Something he was feeling intently today.

Jackson had opened his mouth with no doubt was a scathing response, but a group of jocks near the locker room exit hailed him and he left for bigger and better things, tossing an acidic sneer over his shoulder as a parting gift. Stiles scowled right back, his own expression colored with the dark chill of hatred, but Scott's hand clapping his shoulder pulled his attention away. Punching his hand into the pocket of his leather jacket, he withdrew a pack of cigarettes and lit up, sucking down a quick smoke before crushing out his but on the sidewalk. Scott waited silently the whole time, shifting anxiously from foot to foot, but he didn't say anything, even when Stiles ran his thumb along the edge of his lower lip and started inside.

Together they traipsed down the hallway, stopping at their lockers to stash their bags and grab notebooks and well-chewed pens. Scott seemed to sense Stiles' attitude because he kept shooting him wary looks, the other boy's whole body tense beside him where he rolled along at an easy predator's lope. He was prowling now, projecting the self-centered self-confidence that he'd cultivated carefully after discovering that it kept other people away. At the end of the hall, just before they parted, Stiles for his advanced mathematics and Scott for his remedial Spanish, his friend grabbed on to his wrist and pulled him back, finally working up the courage to open his mouth.

"Are you ok?" he asked, and that was all.

Because they were friends and it was enough, the most basic question addressing all the nuances of what felt wrong between them.

Or at least it should have been.

It was care, and concern, and once again he was made horribly uncomfortable by one of the two people closest to him. He pushed others out for a reason, because if he let them in he started to feel that care and concern himself again, instead of the anger or numbness that he normally clung to. It made him weak, vulnerable to the crushing emotional pain that had once consumed him, and that he couldn't handle.

So he made himself the iceman, cold and hard and unapproachable.

He made himself safe.

"I'm fine," he lied before shrugging his friend off and walking away down the hall, calling back over his shoulder. "I'll see you at lunch."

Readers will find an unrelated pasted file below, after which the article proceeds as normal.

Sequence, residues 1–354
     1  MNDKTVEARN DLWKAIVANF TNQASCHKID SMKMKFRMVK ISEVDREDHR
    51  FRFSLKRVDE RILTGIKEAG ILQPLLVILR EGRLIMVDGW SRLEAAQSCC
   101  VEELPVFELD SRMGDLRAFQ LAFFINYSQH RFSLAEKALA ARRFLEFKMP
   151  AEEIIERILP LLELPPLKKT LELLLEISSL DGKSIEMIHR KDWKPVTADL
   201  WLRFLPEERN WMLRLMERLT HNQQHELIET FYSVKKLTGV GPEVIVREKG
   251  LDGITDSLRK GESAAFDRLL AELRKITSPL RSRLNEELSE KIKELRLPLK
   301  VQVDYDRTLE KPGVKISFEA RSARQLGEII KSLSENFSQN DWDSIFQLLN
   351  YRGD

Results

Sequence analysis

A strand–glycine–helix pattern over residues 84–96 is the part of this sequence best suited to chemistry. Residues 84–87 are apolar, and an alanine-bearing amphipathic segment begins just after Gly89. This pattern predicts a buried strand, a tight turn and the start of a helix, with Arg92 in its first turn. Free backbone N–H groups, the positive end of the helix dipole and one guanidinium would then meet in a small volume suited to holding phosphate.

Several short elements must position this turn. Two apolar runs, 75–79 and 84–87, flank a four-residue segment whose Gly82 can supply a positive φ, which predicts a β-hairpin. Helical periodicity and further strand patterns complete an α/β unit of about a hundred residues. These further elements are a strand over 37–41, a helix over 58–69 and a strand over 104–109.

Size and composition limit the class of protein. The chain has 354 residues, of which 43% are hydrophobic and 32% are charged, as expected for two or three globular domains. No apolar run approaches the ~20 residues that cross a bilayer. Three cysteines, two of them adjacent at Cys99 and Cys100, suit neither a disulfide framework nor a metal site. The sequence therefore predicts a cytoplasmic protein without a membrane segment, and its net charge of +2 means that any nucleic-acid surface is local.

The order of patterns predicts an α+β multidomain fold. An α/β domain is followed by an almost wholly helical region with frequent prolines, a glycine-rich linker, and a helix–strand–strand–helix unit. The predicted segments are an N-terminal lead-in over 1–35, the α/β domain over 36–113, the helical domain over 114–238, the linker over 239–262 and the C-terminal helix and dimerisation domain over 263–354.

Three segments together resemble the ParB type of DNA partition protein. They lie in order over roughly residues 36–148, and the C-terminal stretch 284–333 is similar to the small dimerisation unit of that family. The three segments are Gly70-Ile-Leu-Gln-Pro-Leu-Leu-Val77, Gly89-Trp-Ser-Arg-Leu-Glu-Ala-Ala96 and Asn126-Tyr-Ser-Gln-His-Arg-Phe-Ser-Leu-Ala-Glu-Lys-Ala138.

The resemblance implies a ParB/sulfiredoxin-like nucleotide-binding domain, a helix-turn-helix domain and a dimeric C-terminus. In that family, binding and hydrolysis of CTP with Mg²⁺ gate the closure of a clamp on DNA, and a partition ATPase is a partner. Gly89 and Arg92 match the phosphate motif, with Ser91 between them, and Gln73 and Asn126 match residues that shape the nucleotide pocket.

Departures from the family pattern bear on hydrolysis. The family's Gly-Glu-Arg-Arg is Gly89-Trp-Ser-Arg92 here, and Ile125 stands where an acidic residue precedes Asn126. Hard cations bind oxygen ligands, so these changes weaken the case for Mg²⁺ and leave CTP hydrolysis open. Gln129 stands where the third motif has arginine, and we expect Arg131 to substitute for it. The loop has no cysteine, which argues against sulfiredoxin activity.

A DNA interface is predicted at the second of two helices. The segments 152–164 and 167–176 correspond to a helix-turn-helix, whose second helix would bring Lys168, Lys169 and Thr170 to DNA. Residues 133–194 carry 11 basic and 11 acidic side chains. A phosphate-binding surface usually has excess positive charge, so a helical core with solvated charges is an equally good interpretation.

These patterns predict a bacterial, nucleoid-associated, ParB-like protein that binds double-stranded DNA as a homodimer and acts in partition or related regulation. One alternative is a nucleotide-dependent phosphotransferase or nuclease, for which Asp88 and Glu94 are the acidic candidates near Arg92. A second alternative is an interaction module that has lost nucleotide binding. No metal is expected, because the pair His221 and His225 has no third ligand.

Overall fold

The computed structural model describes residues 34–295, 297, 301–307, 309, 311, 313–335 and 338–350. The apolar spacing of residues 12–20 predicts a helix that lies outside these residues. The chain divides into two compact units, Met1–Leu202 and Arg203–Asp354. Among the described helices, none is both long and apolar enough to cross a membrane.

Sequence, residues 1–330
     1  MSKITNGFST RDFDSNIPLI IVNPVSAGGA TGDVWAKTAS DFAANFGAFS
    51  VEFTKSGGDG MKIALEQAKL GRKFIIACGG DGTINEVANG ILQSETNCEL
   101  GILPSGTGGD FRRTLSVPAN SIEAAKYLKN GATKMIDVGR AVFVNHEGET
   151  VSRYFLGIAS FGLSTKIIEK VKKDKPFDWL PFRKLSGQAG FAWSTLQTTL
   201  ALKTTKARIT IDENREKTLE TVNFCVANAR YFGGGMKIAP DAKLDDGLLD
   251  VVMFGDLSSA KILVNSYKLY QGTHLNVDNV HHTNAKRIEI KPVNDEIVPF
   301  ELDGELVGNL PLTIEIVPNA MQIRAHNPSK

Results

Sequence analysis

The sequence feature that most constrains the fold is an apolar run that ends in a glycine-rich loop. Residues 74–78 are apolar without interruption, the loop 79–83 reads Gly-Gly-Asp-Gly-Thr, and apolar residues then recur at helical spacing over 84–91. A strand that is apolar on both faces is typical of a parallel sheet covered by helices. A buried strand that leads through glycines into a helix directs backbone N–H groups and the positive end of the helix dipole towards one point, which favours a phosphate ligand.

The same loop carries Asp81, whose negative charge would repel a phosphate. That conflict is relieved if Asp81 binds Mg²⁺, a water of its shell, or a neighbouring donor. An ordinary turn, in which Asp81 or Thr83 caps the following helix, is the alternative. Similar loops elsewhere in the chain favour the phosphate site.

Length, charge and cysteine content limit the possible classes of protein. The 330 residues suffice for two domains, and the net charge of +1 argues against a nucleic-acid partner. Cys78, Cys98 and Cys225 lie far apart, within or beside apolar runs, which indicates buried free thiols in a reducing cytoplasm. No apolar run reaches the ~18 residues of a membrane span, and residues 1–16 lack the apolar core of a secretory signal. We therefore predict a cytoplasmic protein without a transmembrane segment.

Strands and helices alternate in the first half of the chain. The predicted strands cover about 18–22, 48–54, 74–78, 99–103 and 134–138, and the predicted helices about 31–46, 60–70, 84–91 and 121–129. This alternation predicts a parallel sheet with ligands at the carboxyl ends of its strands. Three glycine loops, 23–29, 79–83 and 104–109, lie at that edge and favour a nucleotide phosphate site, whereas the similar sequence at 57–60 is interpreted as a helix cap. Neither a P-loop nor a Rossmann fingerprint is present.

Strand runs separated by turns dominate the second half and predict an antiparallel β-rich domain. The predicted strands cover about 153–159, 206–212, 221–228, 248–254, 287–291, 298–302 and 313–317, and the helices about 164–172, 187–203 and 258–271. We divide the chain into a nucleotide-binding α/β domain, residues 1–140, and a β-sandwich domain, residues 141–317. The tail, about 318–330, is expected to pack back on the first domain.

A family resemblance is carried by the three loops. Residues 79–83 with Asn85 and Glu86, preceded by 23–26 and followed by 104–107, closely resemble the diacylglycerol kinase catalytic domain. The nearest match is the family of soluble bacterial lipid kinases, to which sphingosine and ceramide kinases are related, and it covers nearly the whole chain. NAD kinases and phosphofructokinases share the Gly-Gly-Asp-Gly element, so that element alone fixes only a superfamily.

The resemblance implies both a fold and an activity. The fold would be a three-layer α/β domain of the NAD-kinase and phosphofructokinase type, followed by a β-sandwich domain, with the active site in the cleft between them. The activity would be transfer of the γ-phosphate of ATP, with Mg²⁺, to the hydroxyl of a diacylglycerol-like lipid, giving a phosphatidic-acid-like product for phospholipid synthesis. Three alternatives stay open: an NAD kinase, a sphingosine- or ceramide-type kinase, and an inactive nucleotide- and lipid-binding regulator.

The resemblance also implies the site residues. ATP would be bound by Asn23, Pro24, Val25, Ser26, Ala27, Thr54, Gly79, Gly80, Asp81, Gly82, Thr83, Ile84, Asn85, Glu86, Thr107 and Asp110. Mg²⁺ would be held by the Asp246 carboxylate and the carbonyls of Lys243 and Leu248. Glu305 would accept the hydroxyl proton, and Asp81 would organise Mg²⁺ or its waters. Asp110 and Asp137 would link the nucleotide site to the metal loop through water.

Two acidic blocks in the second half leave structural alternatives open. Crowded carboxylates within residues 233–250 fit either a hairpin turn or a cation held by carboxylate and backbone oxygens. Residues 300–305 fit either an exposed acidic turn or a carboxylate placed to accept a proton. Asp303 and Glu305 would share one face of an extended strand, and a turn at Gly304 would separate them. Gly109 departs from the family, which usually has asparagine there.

But that was a lie too.


The afternoon sucked, especially sixth period chemistry. That was the class Stiles usually skipped, but the rain had finally picked up to a real downpour and he was almost too jittery to want to cut. He knew he would just end up pacing back and forth beneath the bleachers and chain smoking through a whole pack of cigarettes if he did. The nausea rolling round in his stomach since he hidden out in the library during lunch had escalated sharply at the thought of lighting up, so he'd grabbed his homework out of his locker and slouched into class seconds before the bell rang, curling in on himself behind his lab table in the hopes of going unseen.

Of course, that hadn't flown. Whatever problem Harris had with him had only gotten worse in the past few years despite the fact that Stiles managed to maintain a perfect A in his class. The dude was a real prick though, going so far as to pair him with Greenburg for the day's lab, a kid who really should've been in remedial science, not advanced chem. On top of that, Lydia Martin had been sending him flirtatious little looks all throughout their experiment, smiling at him coquettishly from the corner of her mouth. The old Stiles would have melted under the attention – he had been in love with the strawberry blonde goddess since the third grade – but the new Stiles was disgusted. The girl of his dreams hadn't spared him a second glance before his dark turn-around, and even now she was still in a relationship with Jackson. Her attempted infidelity and her obvious attraction to his new bad-boy image made him feel positively sick.